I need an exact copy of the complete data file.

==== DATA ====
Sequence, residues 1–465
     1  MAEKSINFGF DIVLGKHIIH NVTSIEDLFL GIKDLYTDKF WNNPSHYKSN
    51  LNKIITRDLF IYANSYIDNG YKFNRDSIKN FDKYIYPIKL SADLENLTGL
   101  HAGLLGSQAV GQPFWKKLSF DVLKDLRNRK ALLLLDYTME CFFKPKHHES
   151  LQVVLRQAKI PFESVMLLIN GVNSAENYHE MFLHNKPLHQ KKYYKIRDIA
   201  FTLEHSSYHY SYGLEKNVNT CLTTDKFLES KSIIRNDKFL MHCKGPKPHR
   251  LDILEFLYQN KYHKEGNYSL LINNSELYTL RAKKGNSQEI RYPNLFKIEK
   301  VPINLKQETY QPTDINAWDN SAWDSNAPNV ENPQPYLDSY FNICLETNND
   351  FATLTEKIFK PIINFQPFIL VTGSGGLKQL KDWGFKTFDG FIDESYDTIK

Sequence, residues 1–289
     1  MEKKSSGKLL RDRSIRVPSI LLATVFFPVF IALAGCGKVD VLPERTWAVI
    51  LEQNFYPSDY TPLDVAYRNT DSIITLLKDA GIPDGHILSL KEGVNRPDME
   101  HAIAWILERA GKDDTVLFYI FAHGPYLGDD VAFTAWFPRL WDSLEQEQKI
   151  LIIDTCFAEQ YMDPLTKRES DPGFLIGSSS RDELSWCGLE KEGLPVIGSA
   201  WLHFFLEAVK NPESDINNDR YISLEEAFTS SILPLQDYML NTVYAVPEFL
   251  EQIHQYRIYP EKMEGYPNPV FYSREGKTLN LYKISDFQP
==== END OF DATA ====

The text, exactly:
Sequence, residues 1–465
     1  MAEKSINFGF DIVLGKHIIH NVTSIEDLFL GIKDLYTDKF WNNPSHYKSN
    51  LNKIITRDLF IYANSYIDNG YKFNRDSIKN FDKYIYPIKL SADLENLTGL
   101  HAGLLGSQAV GQPFWKKLSF DVLKDLRNRK ALLLLDYTME CFFKPKHHES
   151  LQVVLRQAKI PFESVMLLIN GVNSAENYHE MFLHNKPLHQ KKYYKIRDIA
   201  FTLEHSSYHY SYGLEKNVNT CLTTDKFLES KSIIRNDKFL MHCKGPKPHR
   251  LDILEFLYQN KYHKEGNYSL LINNSELYTL RAKKGNSQEI RYPNLFKIEK
   301  VPINLKQETY QPTDINAWDN SAWDSNAPNV ENPQPYLDSY FNICLETNND
   351  FATLTEKIFK PIINFQPFIL VTGSGGLKQL KDWGFKTFDG FIDESYDTIK

Sequence, residues 1–289
     1  MEKKSSGKLL RDRSIRVPSI LLATVFFPVF IALAGCGKVD VLPERTWAVI
    51  LEQNFYPSDY TPLDVAYRNT DSIITLLKDA GIPDGHILSL KEGVNRPDME
   101  HAIAWILERA GKDDTVLFYI FAHGPYLGDD VAFTAWFPRL WDSLEQEQKI
   151  LIIDTCFAEQ YMDPLTKRES DPGFLIGSSS RDELSWCGLE KEGLPVIGSA
   201  WLHFFLEAVK NPESDINNDR YISLEEAFTS SILPLQDYML NTVYAVPEFL
   251  EQIHQYRIYP EKMEGYPNPV FYSREGKTLN LYKISDFQP